Finding the Time to Garden

JoeyEricDadGardening081697Angie and I are often asked how much time we spend taking care of our garden. Truth is, we couldn’t begin to guess. When the outdoor garden has become just one more living space for us, then it’s much like keeping the indoor living space clean. You pick up a bit here, you wash up a bit there. It’s part of the daily routine. But it’s more than that, too.

First, we have about the same amount of leisure time to just sit and read a book, play a game, or watch a program on TV as we’ve always had. But some of our leisure time used to be spent going to the boys school and extracurricular activities, or taking long bike rides. Now it’s spent in the garden. I’ve only ridden 500 miles during the first 6 months of 2014. That used to be 1000 or more. We used to go to lacrosse games, school music programs, or parent-teacher meetings. Now we’re in the garden more. Our garden grows commensurate with our time to dedicate to it. And we’re OK with that.

2014-05-02 11.23.42Second, we’re discovering how to put into practice the Permaculture principle that every problem carries with it its own solution. For instance, weeding used to be a horrible chore that we put off too long and later regretted. Now, we weed a little bit most days as part of our foraging for food. One, as we integrate instead of segregate to create diversity and plant guilds, we wander our garden much more. That lets us quickly spot and pull immediately weeds when they’re small and easy to harvest. Two, in doing so, as we collect food that we grew for ourselves, we are also collecting the weeds as forage for our chickens and rabbits. Weeding is no longer a problematic chore, but a relaxing part of caring for our livestock.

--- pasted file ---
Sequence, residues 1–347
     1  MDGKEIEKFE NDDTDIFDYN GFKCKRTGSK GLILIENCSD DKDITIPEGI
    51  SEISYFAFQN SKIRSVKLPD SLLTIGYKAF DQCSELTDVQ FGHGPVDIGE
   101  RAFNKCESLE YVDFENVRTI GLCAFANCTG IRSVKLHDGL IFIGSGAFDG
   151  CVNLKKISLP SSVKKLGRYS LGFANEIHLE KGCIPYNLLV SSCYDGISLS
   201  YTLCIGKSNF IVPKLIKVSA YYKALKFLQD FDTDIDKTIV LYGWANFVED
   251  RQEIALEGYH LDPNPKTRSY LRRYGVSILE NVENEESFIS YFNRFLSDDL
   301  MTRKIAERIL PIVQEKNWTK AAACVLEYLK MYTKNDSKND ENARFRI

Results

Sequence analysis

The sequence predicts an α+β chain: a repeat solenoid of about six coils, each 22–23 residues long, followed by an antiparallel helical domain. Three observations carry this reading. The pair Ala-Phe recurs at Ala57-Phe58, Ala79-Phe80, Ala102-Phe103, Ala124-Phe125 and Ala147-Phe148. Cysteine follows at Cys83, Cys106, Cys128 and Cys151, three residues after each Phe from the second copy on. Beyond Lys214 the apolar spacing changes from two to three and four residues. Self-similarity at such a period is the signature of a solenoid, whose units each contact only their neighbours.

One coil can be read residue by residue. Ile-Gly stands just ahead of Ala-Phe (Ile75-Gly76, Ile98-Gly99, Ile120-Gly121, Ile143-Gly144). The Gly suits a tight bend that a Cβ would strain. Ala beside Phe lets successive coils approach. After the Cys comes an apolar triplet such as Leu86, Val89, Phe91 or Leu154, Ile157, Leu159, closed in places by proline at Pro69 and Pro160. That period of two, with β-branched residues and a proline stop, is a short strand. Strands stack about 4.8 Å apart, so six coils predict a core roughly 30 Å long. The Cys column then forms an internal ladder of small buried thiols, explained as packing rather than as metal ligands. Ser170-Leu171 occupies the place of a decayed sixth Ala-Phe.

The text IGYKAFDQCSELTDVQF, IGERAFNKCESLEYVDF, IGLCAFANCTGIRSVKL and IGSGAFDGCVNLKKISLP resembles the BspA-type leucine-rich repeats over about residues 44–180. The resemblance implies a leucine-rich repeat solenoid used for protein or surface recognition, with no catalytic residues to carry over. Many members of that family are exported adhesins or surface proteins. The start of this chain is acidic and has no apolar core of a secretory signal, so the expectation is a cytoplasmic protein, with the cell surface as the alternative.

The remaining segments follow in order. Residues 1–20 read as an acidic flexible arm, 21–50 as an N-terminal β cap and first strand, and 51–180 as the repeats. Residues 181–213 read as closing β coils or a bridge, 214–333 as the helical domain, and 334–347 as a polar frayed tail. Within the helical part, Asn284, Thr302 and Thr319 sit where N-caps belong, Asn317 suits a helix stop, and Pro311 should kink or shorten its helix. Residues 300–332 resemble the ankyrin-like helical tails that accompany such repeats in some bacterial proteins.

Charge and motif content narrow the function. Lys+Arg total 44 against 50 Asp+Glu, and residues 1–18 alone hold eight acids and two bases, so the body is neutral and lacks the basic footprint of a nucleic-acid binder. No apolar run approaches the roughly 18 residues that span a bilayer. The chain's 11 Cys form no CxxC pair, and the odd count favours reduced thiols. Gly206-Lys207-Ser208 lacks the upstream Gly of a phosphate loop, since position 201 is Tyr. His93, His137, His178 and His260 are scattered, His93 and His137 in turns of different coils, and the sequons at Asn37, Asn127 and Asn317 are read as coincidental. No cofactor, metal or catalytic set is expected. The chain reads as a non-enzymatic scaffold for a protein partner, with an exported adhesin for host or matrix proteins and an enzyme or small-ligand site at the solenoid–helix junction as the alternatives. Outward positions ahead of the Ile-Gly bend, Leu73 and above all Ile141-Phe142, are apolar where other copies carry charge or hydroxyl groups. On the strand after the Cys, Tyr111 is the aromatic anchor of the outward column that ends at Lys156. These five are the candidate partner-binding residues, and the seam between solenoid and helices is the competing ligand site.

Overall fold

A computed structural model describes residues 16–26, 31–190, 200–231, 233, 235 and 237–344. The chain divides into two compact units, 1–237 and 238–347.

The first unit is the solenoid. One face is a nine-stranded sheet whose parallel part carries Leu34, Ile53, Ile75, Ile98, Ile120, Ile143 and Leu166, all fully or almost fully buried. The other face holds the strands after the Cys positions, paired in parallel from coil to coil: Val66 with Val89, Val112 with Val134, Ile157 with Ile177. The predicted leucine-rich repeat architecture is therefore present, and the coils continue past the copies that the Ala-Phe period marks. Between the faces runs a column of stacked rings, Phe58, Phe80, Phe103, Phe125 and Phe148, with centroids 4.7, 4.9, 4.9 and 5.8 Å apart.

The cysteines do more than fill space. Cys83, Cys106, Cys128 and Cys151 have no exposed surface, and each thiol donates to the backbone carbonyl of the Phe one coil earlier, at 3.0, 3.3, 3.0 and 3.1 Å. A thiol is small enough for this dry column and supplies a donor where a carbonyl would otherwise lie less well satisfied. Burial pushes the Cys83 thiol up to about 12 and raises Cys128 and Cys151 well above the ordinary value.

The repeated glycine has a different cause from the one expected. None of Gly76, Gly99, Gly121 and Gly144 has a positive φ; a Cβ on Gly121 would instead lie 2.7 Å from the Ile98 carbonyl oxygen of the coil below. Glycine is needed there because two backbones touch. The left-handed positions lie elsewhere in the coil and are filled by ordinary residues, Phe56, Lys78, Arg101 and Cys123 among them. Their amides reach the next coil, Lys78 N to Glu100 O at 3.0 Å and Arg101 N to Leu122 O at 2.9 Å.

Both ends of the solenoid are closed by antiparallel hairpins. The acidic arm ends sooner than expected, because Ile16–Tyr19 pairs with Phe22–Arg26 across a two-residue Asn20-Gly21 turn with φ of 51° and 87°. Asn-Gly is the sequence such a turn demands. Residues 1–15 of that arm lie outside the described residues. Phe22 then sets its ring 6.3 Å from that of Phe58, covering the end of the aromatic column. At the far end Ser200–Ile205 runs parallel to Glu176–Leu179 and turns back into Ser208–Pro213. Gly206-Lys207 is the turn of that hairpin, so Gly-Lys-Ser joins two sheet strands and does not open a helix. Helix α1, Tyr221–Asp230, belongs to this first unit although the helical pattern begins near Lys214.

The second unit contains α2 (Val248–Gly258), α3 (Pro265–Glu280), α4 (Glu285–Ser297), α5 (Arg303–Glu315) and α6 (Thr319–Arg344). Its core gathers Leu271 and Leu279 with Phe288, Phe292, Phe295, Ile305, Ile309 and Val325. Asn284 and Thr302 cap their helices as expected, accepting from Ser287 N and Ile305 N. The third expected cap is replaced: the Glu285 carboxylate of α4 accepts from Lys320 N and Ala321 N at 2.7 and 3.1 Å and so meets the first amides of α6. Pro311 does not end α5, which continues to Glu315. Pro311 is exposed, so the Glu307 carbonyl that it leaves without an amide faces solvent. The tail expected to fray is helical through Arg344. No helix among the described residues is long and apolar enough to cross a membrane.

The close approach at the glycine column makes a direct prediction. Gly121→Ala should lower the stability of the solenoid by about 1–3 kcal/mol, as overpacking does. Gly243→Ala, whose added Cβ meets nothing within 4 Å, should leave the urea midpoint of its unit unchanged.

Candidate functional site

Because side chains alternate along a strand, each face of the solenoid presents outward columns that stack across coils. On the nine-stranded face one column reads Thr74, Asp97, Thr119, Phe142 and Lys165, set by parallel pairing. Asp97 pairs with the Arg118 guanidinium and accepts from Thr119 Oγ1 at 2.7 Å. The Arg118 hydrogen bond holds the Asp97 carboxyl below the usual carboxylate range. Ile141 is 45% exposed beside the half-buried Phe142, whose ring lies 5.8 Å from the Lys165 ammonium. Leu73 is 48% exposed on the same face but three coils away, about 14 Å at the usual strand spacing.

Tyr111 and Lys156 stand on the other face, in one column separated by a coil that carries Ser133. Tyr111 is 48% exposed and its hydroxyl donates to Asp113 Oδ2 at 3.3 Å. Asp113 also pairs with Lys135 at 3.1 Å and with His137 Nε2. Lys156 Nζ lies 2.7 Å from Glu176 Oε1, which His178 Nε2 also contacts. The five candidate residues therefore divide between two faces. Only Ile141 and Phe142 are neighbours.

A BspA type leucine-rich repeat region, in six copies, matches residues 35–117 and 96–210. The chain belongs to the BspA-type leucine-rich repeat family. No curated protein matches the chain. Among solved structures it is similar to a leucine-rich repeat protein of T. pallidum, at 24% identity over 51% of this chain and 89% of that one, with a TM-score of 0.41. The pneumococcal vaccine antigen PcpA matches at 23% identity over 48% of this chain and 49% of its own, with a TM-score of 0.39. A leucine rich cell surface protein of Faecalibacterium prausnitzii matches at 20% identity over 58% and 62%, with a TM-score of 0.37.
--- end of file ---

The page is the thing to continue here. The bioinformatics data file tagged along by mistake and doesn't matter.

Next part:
I’ve been learning a lot from Robin Wall Kimmerer’s Braiding Sweetgrass as I follow her  journey to reconnect her indigenous heritage and indigenous knowledge with her academic training as a biologist. One of the things she highlights is the breadth and depth with which indigenous people are intertwined as one with the land in which they are geographically located. Gardening as chore or even hobby is something you carve out time for. Gardening as existence within the living body of the single organism of holy creation, with us but one cell, is timeless.

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About mwolske

I'm a Senior Research Scientist in Community Informatics at the Graduate School of Library and Information Science, University of Illinois.
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One Response to Finding the Time to Garden

  1. Jason says:

    I love your description of the garden simply being another living space! Great way to keep it all in perspective!

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